Mobile Phone Contracts
Considering the options
With the entry of Qatar's second service provider - Vodafone - there will now be more choice in mobile phone plans, varying call costs and special offers. While choice is good for customers, it may also mean choosing a phone service could be confusing. If you take time to think about your phone usage patterns and what you can afford, it will be easier for you to choose a service that best meets your needs.
Most phone companies offer consumers access to a basic mobile phone service without a long-term contract, such as pre-paid credit or short-term leasing plans. They also usually offer a range of post-paid subscriptions for fixed periods that can be a bundle of products and services at a particular rate, such as a mobile handset with 12 months of calls and SMS.
Entering into a contract
As a consumer, you have rights and obligations when you enter any contract, including for mobile phone service. Pay close attention to call rates and make sure you understand how your call charges will be calculated. Under a typical contract, calls up to a certain value are included as part of the monthly access fees. When calls exceed this value they may be charged at a rate set out in your contract. Different call rates may apply for peak, off-peak, and calls to numbers on other networks.
Can my call charges increase while I am under contract?
Many consumer contracts, including mobile phone contracts, are subject to variation clauses. These allow the service provider to make changes to terms and conditions, including prices. If your phone charges change, you may ask your service provider for details about what part of your contract allow this. Please note that while tariffs for phone services are approved or monitored by CRA, phone companies are free to compete for your business on price and other terms and conditions.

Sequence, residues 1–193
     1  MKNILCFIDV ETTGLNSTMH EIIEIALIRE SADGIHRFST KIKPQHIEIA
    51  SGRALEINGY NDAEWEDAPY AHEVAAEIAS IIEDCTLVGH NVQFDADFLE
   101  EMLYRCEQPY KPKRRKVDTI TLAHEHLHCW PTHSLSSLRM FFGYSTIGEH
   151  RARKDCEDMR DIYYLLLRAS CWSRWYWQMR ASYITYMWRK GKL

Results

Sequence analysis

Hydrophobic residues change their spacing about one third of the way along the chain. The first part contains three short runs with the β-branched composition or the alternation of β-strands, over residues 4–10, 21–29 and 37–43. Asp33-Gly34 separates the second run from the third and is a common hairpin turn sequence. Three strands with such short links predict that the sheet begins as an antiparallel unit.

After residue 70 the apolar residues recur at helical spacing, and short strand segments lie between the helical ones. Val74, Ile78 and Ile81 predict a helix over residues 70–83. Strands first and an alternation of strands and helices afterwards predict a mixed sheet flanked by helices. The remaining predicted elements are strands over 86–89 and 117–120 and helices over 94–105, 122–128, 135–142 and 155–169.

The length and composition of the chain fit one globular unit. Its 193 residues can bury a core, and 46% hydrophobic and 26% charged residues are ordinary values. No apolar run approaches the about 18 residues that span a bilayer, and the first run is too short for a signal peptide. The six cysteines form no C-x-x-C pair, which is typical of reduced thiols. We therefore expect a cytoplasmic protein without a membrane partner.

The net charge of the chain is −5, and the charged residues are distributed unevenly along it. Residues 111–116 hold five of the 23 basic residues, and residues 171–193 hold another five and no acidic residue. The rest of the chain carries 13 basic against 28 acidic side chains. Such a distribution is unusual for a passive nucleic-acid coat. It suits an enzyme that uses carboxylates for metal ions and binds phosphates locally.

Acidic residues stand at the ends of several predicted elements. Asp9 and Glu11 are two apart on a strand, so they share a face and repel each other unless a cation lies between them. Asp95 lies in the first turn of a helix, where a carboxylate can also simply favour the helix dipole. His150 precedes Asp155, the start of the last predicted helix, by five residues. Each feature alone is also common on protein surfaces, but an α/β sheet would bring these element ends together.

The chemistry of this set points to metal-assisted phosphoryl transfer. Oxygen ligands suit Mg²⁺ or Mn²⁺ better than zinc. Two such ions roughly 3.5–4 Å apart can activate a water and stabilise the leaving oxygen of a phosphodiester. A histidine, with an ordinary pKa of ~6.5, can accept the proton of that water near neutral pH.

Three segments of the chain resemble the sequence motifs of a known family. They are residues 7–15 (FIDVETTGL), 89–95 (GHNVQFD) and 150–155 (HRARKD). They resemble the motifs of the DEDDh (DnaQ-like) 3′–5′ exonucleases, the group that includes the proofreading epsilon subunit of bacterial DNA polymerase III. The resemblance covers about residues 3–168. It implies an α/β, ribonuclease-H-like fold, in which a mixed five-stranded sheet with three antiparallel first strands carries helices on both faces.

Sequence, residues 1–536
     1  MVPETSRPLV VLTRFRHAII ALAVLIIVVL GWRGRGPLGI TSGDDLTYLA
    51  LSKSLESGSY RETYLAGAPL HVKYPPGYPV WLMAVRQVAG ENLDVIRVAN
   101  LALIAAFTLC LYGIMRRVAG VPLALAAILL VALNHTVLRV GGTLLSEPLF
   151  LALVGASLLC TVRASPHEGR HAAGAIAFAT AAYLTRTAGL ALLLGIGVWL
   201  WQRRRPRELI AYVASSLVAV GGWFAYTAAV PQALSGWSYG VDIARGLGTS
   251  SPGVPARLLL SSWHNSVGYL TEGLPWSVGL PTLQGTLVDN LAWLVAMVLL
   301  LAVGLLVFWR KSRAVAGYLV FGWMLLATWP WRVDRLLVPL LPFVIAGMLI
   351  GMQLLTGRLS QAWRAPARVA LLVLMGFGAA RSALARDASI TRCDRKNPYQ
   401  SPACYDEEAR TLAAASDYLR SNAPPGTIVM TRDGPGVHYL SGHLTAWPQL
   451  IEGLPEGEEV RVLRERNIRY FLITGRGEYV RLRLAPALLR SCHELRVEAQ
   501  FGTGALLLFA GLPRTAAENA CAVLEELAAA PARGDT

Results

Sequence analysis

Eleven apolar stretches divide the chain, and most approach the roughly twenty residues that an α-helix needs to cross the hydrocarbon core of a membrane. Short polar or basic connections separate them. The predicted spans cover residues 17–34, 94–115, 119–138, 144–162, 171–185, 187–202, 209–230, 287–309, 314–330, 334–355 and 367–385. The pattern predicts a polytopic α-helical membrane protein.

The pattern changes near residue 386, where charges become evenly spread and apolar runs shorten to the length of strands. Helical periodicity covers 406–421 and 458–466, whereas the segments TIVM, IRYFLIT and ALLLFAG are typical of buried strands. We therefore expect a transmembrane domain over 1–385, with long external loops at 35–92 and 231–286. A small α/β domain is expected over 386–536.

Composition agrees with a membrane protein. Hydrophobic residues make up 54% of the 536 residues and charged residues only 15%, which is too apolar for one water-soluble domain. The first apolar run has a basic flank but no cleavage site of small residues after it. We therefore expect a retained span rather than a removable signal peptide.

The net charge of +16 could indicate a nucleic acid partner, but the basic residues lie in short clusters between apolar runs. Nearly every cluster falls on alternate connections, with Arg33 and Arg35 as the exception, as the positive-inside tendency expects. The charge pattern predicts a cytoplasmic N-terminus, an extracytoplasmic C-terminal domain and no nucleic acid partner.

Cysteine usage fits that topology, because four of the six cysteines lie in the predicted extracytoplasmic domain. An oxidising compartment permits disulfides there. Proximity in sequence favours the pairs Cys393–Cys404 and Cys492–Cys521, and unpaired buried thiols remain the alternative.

Terminating a contract
In signing your contract, you enter a legally binding agreement to pay your monthly charges for the term of the agreement. Depending on the terms and conditions of your contract, you may have to pay a penalty if you decide to leave the provider part way through the contract. Even if you cannot make calls because you don't have your phone, you still have to fulfill this commitment. You may still be liable for charges if your mobile phone is lost, stolen or broken. Please check the contract.
I think I was misled into entering a contract
It is against the law for a licensed service provider to mislead or deceive you about its products or services. Service providers must deal fairly and be honest with you before and after you subscribe to a service or purchase a product.
This means they must tell you all the charges and other terms and conditions of a service before you buy. They cannot force you to take a service you have not ordered or charge you a different fee from the one offered when you purchased the service. If the phone service or product you agreed to purchase does not meet information or description you were given, then the service provider may be in breach of the law and/or its licence.
Making a Complaint
Service providers have a legal obligation to try to resolve complaints. If you think you have been misled, or are not happy with your service or the service provider, you can complain to the service provider. The following numbers have been provided by Ooredoo and Vodafone for this purpose:
Ooredoo Call Centre: 111
Ooredoo Overseas Enquiries: +974 44380000
Vodafone Customer Call Centre: +974 88007111
If the service provider cannot resolve your complaint within 30 calendar days, you can refer your complaint to the Communications Regulatory Authority by:
- Calling the Consumer Protection Hotline: 103 from Qatar and 00974 44069938 From overseas
- Emailing us at: email@example.com
- Download Arsel mobile App : For IOS https://goo.gl/WMmLuk , For Android https://goo.gl/bfokSD, For Blackberry https://goo.gl/3Lf4D6
- Use the Online complaint form: Lodge a complaint
- Twitter official account : @CRAqatar
In order to have your complaint dealt with quickly and comprehensively, you should always provide all relevant information with your complaint, such as details of the offer made to you, when it was made, what you agreed to, details of problems you have experienced, and any steps taken by you or the service provider to resolve your complaint.
Communications Regulatory Authority can contact the service provider about your complaint on your behalf to try to resolve the complaint. However, CRA cannot act for you in a legal capacity (as your lawyer) or give you legal or professional advice or disclose other complaints or disputes to you including information about complaints made against a particular company or person.
Getting out of the contract due to being misled
If you want to get out of the contract before it expires because you believe you were misled by the service provider, you can write to the service provider requesting termination of your contract. You will need to clearly explain why you consider that you have a right to terminate the contract, and be prepared to offer evidence that you were misled, such as copies of promotional material and conversations held with sales people.